Researchers from the American Cancer Society wanted to examine whether the expansion of health insurance among young American women was leading to more early-stage diagnoses. Early diagnosis improves the prospects for survival because treatment is more effective and the chance of remission is higher. It also bolsters women’s chances for preserving their fertility during treatment. And women with health insurance are far more likely to get a screening that can identify cancer early. Researchers used the National Cancer Data Base, a hospital-based registry of about 70 percent of all cancer cases in the United States. They compared diagnoses for women ages 21 to 25 who had cervical cancer with those for women ages 26 to 34, before and after the health law provision began in 2010.
As the Affordable Care Act has taken root, there's been quite a bit of anecdotal evidence pointing to people whose lives were saved -- quite literally -- by the law's existence. But at this point, we're also able to measure the ACA's efficacy beyond just the anecdotes.
The New York Times reported on a substantial increase in the number of young women who've been diagnosed with early-stage cervical cancer, and there doesn't seem to be much of a mystery to explain the trend. Because "Obamacare" covers young adults before their 26th birthday, the percentage of uninsured 19- to 25-year-olds has plummeted.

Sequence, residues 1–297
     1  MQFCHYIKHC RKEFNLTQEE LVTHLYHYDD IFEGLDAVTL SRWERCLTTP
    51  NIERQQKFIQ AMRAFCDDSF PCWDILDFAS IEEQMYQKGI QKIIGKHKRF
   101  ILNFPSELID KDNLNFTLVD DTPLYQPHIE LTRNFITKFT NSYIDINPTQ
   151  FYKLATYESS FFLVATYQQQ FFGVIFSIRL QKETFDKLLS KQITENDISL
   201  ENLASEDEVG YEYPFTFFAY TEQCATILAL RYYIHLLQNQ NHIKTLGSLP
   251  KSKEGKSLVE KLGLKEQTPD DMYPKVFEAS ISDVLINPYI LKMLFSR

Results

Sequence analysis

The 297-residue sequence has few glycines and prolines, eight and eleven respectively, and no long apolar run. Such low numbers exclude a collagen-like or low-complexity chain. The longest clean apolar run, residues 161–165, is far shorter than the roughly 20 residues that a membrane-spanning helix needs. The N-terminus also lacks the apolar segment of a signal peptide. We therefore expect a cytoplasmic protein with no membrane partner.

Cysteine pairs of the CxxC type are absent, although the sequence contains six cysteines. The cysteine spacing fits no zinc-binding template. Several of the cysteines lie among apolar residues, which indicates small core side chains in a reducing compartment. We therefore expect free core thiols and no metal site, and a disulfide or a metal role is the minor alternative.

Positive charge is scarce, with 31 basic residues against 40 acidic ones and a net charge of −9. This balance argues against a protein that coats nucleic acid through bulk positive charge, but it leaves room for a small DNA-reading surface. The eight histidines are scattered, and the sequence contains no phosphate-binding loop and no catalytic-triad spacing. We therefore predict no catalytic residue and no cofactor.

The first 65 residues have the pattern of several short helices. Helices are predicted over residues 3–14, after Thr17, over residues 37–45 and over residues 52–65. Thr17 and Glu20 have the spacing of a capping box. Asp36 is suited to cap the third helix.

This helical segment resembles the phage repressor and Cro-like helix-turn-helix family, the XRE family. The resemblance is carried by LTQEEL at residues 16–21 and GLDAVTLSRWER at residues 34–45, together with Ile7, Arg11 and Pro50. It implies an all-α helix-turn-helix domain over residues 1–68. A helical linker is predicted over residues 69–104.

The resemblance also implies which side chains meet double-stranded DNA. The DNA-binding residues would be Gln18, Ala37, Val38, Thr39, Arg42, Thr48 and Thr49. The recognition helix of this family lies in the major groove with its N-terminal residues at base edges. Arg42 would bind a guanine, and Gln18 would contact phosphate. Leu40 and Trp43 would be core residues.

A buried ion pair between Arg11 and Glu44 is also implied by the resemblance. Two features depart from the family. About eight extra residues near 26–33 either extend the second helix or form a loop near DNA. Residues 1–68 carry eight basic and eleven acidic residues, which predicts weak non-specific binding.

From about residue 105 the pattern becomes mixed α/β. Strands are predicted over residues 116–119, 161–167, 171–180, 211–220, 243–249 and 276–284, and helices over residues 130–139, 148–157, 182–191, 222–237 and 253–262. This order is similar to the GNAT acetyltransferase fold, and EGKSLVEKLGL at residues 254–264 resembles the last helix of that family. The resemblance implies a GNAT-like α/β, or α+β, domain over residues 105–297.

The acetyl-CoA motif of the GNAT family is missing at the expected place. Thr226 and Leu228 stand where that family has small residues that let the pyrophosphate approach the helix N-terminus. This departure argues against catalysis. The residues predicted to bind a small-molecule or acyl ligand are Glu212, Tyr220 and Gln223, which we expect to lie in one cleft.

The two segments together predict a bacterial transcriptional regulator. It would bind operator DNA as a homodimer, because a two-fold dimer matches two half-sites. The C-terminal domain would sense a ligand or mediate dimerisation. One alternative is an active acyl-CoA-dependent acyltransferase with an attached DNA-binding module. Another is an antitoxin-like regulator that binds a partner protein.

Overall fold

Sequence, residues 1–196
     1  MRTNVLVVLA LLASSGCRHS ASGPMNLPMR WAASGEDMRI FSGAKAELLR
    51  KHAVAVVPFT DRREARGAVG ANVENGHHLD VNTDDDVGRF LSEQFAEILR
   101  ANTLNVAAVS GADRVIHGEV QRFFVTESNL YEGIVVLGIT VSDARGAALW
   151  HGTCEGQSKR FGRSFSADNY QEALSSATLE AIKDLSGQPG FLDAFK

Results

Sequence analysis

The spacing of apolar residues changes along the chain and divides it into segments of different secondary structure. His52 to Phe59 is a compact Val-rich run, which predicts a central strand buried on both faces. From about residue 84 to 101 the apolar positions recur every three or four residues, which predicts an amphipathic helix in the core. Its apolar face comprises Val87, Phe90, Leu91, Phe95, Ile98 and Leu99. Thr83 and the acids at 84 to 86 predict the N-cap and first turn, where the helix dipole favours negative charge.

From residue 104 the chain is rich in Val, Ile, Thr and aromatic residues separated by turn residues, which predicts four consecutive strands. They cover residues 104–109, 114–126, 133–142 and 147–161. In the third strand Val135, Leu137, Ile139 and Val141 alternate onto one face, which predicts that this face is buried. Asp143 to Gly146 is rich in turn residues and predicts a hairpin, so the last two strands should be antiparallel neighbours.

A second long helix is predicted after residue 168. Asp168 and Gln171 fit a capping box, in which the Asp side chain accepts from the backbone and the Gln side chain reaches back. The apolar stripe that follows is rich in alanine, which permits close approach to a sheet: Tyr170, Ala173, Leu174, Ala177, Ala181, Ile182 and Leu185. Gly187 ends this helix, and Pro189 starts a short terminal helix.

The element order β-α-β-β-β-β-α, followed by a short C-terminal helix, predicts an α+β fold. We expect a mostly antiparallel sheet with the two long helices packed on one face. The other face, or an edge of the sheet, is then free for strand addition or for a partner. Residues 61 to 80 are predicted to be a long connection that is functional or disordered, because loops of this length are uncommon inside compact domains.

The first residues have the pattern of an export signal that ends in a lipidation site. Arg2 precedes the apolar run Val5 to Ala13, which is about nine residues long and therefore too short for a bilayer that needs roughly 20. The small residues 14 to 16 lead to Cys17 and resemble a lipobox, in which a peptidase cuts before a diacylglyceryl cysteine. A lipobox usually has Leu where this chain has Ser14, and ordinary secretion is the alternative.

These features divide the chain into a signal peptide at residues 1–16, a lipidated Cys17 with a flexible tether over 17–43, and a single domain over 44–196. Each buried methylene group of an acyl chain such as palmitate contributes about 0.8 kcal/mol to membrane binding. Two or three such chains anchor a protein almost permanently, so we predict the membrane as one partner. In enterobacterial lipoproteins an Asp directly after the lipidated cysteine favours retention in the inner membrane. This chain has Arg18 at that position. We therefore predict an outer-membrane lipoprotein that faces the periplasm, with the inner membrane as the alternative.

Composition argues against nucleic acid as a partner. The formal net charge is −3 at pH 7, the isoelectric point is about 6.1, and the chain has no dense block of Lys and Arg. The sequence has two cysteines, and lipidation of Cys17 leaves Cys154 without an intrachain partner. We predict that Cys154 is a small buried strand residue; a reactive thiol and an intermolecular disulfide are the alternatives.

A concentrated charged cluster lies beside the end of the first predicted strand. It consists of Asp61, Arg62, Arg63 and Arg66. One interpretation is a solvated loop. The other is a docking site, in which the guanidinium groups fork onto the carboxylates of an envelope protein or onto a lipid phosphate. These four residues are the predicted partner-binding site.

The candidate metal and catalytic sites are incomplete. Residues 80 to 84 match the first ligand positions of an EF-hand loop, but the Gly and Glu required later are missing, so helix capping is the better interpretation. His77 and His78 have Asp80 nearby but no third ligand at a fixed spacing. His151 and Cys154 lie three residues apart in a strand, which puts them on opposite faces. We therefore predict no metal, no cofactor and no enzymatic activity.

You can probably guess what that means: more young women are able to see a doctor, more doctors are able to do cancer screenings, and more exams are detecting cancer at early stages. From the Times' report:
The results painted a striking picture of increased early-stage diagnoses among the younger group, with no meaningful change in the older group.
One of the researchers, Dr. Ahmedin Jemal, said the effect of the Affordable Care Act is hard to miss, leading to results he described as "very remarkable."
For the ACA's proponents, it's additional evidence to suggest the law is literally a life-saver, and for the ACA's opponents, it's another challenge in explaining why the law must be destroyed in its entirety, regardless of the consequences.